News from Lori's Parents
30 May 2001
In this update:
- Five and a half years in prison and still waiting for justice -- Perú stalls, stalls, stalls
- Problems in the Peruvian judicial system
- Peruvian Professor defends Lori
- The passing of Congressman John Joseph Moakley
Five and a half years in prison and still waiting for justice -- Perú stalls, stalls, stalls
Today marked five and a half years of Lori's wrongful incarceration. The public hearings, now in the 11th week, have been dragging on and the 27th session, scheduled for yesterday, was postponed. We were given less than 24 hours notice and we had to notify US Embassy officials who 'monitor' the proceedings to prevent them from taking an unnecessary trip to Lurigancho Prison. The alleged reason for this postponement was that one of the judges, Carlos Manrique, was involved in another trial in the central jungles of Perú.
Dr. Javier Llaque, the Court Secretary, predicted that the hearings would likely resume on Friday and that all remaining documents and testimony would be read and that Court Prosecutor Navas, Special Government Prosecutor Cavagnaro, and Defense Lawyer Sandoval would each give their concluding remarks. Dr. Llaque then predicted the court would recess for eight working days before Lori makes her final statement and the verdict and possible sentence are announced. He predicted this would occur in mid June. Keep in mind he is the same man who three weeks ago predicted the verdict would be reached at the end of May. We are almost certain that it will be impossible for the court to accomplish all of the above goals on Friday -- should a session be held on that day.
Problems in the Peruvian judicial system
For 23 sessions the three judges always were ready to began the public hearings promptly. For reasons not clear to us, the last three sessions started late and now the session scheduled for May 29 was cancelled. It has been clear from public comments made by the court that the three judges are reluctant to reach a verdict without first learning if the motion by Lori and her lawyer to remove Chief Judge Marcos Ibazeta is granted by the higher court on appeal. As stated in our last update, the judges have resorted to reading lots of 'irrelevant testimony' and documents in an effort to slow down the proceedings.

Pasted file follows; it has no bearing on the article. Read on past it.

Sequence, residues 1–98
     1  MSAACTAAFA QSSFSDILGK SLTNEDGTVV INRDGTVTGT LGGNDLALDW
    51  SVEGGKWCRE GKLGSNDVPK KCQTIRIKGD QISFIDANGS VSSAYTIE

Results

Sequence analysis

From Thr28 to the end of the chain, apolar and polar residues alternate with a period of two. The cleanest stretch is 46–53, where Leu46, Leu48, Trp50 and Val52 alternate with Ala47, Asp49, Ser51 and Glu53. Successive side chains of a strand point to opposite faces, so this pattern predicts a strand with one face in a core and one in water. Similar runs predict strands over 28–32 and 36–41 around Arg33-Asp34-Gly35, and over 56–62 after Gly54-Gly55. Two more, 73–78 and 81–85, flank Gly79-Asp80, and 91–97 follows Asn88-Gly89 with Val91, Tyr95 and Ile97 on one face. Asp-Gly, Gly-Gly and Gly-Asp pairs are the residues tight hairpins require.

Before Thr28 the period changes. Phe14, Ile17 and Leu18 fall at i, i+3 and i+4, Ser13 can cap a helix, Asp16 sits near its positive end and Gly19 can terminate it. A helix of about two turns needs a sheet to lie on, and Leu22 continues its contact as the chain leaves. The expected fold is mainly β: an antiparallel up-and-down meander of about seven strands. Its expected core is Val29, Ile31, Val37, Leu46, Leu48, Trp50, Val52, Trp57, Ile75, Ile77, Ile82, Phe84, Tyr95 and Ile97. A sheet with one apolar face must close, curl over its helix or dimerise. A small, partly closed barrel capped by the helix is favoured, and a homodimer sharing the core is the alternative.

Peruvian law stipulates that the appeals process must be accomplished within 15 days. However, Thursday May 24, the latest expected date on which to rule on the petition to force Chief Judge Ibazeta from Lori's case passed uneventfully. The excuse was that the recent reconstitution of the higher court owing to the dismissals of numerous judges for incompetence and/or corruption slowed down the appeals process.
Peruvian Professor defends Lori
Widely known Peruvian poet Winston Orrillo Ledesma, a professor from Lima's San Marcos University, the oldest functioning institution of higher education in the Western Hemisphere, published a stunning article in defense of Lori in the Peruvian newspaper Liberacion on Monday May 28. It marks the first time a Peruvian scholar inside Perú has publicly given support for Lori and acknowledged complete agreement with her strong critique of lack of justice and opportunity here.
We are grateful to Professor Orrillo for his uplifting commentary. It is an article that could not have been written nor published under the repressive Fujimori-Montesinos dictatorship. The article, in its original Spanish along with its English translation, appears on the website.
The passing of Congressman John Joseph Moakley
All of us who care about human rights and justice mourn the loss of Congressman Joe Moakley of Massachusetts and today Lori was particularly saddened to learn this news.
Congressman Moakley was a truly dedicated public servant. When told a few months ago that his incurable leukemia was advancing rapidly and that if he had unfinished business to tend to or plans to travel that this would be the time to do these things, Congressman Moakley simply said that he was elected by the people of South Boston to work for them in Congress and that is what he wanted to do. He served them and our country until the very end.
When Lori was a student in the Boston/Cambridge area, Congressman Moakley shared Lori's and thousands of others' passion for justice and democracy in El Salvador and over the years he did much to advance freedom and democracy in that country.
On July 27, 2000, immediately before the 106th Congress recessed last summer, Congressman Moakley made the following speech in the House of Representatives: '... It is time this nation stands up for Lori -- it is time for Lori to come home.'
May these words come true and may this wonderful man rest in peace.